Is It Safe to Work Out With a Fractured Rib?

You've suffered a fractured rib, and now, every time you bend and twist, your rib cage becomes more painful. While the best treatment for a fractured rib is rest and immobilization, depending on how big a crack you've incurred, you might be able to continue with a portion of your workout routine.

Rib fractures can complicate your workout. (Image: eclipse_images/E+/GettyImages)

Before undertaking any exercise, however, you should consult your doctor and follow her instructions to avoid further complications.

Tip

To avoid further injury, seek advice from a health care professional before working out with a fractured rib.

Warnings for Fractured Ribs

Your pain level will guide the amount of exercise and physical activity your fractured rib can withstand. Before starting any workouts, you should get checked by a doctor to make sure your rib has not punctured or damaged any of the organs it protects.

The PhysioAdvisor website recommends that you avoid any activity that places stress on the fracture, such as lying on that side or performing any exercises that cause you to wince.

Rest is the primary treatment for broken ribs. As your pain subsides, you can increase the amount of activity you perform.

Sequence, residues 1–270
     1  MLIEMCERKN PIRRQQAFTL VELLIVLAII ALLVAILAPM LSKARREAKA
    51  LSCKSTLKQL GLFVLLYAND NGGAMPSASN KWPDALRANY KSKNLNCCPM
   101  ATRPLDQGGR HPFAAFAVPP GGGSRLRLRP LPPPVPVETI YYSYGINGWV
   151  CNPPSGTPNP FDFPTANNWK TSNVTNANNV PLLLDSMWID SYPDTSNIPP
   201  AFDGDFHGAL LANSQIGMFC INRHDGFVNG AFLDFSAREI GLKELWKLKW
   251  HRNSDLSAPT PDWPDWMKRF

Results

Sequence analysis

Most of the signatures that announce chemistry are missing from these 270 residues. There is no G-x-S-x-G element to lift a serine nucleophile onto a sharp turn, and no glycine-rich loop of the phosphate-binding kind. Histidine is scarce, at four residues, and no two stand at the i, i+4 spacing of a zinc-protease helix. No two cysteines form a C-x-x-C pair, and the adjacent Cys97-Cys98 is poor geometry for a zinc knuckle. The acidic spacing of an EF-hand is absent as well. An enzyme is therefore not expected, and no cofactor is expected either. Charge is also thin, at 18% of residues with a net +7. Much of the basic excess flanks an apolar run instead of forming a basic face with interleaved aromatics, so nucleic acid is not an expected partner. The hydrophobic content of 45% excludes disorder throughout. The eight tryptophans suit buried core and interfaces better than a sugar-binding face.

Early Strengthening Exercise

Prepare for your workouts by strengthening your rib cage with shoulder-blade squeezes. This exercise stretches the surrounding muscles and ligaments, and helps you to maintain proper posture that will allow you to continue with modified workouts.

Stand straight and bend your arms at your sides at a 90-degree angle, with fists facing forward. Squeeze your shoulders blades back as far as you can without increasing your pain level. Hold for a few seconds and repeat 10 times at least three times each day.

Deep-Breathing Exercises

Deep breathing is a vital piece of rehabilitation from a fractured rib. Taking deep breaths might be uncomfortable, but you've got to work through that pain to maintain sufficient lung capacity to do any kind of exercise. Deep breathing exercises also ensure that you won't experience a collapsed lung when you try to work out.

Sit or stand up straight and take a deep breath through your nose, filling your diaphragm. Breathe out through your mouth. Repeat five times often throughout the day. Take breaks during your exercising to take a few deep, controlled breaths.

Ease Back Into It

For the first couple weeks after your injury, you might have to wear a sling to immobilize your ribs to prevent further damage. During this time, you should concentrate on lower-body workouts, such as leg presses and leg lifts. Continue walking on the treadmill, but avoid high-impact activity, like running, that jars your rib cage.

After you lose the sling, get back into upper-body exercises slowly. For example, if you were lifting 20-pound free weights before your injury, start back with 5-pound weights and see how it feels. Gradually increase the amount to 8 pounds, then 10. By easing back into your normal routines, you'll continue to heal without losing much momentum.

Ice can be applied for 10 to 15 minutes after exercise to help reduce soreness.

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